“Give me a bull that’s over 1,000 pounds of milk and positive for DPR.”
Does this sound like you describing sire selection criteria for your dairy? If so, you are among the many other dairy producers who are leaving extra pounds of milk and additional pregnancies on the table.
The traditional threshold method can be a risky approach to selecting bulls when you are aiming to maximize genetic progress. Setting a minimum level for any given trait and completely eliminating sires that fall short of those minimums means you could be missing out on a number of bulls that could actually help propel your genetic level to new heights.
A genetic threshold versus a genetic plan
Take for example, the old-fashioned threshold method for choosing the bulls you pick. If you direct your AI rep to drop off five bulls that are over 1000 pounds of milk and over 0.0 for DPR, he may leave you with a group of sires like those in Table 1 below.
Since your AI rep did his/her job and followed your wishes, you can see the averages for milk and DPR are pretty good – even above your set thresholds. But is that really the best group of bulls you can get?
If you reset your thought process for sire selection, you can choose to set a genetic plan that aligns with your goals. The previously mentioned thresholds would equate to a genetic plan with about 50% emphasis on production traits, 50% emphasis on health traits, and 0% emphasis on conformation or type traits.
By using this 50-50-0 genetic plan for selecting your bulls rather than limiting yourself by thresholds, you could end up with a genetic package like the five bulls shown in Table 2.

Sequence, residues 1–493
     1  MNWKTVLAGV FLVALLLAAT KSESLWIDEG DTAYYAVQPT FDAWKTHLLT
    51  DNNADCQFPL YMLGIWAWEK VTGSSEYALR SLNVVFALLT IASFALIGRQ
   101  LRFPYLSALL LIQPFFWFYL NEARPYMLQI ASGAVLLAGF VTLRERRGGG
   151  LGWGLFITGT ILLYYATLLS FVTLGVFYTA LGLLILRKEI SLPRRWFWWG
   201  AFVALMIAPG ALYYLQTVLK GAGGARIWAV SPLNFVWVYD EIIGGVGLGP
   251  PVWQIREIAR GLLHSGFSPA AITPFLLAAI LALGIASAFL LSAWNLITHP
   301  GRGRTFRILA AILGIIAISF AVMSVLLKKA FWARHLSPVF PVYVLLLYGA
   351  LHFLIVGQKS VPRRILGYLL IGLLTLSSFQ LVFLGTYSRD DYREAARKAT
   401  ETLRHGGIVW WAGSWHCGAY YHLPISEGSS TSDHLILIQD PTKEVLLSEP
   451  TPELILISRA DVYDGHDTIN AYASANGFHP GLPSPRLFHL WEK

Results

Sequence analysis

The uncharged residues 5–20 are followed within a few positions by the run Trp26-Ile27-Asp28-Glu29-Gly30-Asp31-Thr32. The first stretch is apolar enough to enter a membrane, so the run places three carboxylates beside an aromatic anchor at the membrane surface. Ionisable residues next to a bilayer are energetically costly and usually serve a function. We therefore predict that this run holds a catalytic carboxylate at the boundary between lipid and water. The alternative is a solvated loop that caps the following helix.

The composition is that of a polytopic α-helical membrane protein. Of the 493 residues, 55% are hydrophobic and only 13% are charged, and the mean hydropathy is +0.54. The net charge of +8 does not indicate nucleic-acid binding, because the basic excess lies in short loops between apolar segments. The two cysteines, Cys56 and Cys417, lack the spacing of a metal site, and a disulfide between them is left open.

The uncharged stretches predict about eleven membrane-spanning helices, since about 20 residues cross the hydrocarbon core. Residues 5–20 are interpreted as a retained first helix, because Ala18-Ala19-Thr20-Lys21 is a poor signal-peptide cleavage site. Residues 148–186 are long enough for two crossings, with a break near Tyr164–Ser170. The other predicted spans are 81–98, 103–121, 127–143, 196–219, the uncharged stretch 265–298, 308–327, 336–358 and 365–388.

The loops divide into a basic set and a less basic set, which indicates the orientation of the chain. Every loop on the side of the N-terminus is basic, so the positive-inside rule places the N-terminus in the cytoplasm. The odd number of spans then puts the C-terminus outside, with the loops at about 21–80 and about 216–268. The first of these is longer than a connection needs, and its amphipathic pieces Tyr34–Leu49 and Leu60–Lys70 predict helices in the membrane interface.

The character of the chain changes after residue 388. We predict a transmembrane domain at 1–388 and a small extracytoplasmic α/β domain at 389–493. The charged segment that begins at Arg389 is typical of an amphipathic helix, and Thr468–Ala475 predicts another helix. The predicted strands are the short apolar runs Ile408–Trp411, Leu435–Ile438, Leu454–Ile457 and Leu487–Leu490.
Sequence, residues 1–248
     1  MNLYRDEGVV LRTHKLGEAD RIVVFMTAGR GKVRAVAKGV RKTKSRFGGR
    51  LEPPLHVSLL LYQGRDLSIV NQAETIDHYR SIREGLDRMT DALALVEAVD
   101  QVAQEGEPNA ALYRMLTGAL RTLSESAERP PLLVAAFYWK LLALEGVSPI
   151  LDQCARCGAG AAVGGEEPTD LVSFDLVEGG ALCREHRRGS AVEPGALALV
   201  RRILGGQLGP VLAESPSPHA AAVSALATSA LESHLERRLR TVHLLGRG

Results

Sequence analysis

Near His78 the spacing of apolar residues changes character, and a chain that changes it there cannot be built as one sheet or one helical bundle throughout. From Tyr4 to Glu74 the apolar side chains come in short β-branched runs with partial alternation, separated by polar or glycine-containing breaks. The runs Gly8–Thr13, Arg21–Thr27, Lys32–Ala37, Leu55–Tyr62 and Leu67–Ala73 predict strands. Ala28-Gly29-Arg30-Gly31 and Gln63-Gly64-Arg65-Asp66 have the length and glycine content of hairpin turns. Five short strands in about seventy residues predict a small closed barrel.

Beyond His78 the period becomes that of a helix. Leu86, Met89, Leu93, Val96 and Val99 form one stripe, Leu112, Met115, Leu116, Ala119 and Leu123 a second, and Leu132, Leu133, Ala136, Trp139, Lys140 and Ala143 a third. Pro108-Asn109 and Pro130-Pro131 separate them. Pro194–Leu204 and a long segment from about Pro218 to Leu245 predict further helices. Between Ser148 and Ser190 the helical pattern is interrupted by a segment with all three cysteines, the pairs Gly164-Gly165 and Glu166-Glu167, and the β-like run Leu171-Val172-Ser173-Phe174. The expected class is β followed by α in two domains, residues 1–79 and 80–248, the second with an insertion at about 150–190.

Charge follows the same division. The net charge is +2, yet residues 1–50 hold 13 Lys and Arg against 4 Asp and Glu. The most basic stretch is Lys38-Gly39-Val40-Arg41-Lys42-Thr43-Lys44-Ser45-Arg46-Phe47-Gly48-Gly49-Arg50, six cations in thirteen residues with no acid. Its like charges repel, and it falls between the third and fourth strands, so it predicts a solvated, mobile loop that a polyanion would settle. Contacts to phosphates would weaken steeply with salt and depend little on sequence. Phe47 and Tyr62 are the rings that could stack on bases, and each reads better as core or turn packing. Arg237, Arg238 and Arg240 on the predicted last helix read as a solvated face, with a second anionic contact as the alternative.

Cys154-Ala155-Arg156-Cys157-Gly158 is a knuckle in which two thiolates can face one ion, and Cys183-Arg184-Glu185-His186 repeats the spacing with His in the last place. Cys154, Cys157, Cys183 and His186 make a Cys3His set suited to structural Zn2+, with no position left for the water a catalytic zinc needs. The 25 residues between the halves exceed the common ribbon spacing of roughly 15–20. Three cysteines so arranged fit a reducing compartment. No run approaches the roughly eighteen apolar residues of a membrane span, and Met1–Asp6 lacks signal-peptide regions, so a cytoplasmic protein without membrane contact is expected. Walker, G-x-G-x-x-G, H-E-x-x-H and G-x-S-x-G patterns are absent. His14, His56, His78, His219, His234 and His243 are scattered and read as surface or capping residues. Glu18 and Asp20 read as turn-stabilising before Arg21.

Not even one of the five bulls selected based on the genetic plan fit both the criteria of being over 1,000 pounds of milk and being positive for DPR, but you can see they just barely miss the mark on one trait or the other.
Looking at Jack, you can notice that by sacrificing a few pounds of milk below your 1000 pound threshold, you gain an extra 5.2 points for DPR. And even though George and Henry both fall 0.1 short on their DPR values, they provide well over double the pounds of milk that your thresholds would have dictated.
So if you look at the average genetics of this group, they are above and beyond what you achieve with the group of sires that meets both criteria. In this case, by setting a genetic plan to select your bulls, you will gain almost 550 additional pounds of milk and see nearly a two percent higher pregnancy rate than by stating clear-cut threshold limits.
The tables above illustrate that setting a genetic plan to put emphasis on the traits that matter to you can boost your genetic levels well beyond what you achieve with restrictive thresholds.
Genetic plans – not just for sire selection
When setting a genetic plan, the most common focus is on sire selection. However, with genomic testing and various reproductive technologies readily available, many dairy farmers also rank females to determine which cows or heifers should receive sexed semen versus convention semen, or to know which animals are the best candidates to flush, versus which should serve as recipients.
If you rank your heifers and cows, it is important to remember to use the same genetic plan on the female side as you use for selecting your sires. Otherwise you will lose the full effect of the genetic progress you could make with the sires you select.
If you select your sires based on a genetic plan of 50% production, 50% health and 0% type, but then you rank females by TPI, NM$, or a completely different index your overall genetic progress toward your goals will suffer. A mixed approach will slow your progress and lessen your results.
In a nutshell
Maximize genetic progress in your herd by setting your own customized genetic plan to emphasize the traits that matter to you, rather than limiting your options with strict trait thresholds. To drive your genetic progress even further, make sure the genetic plan you put in place for sire selection matches the one you also use to rank your females.
Source: Alta Genetics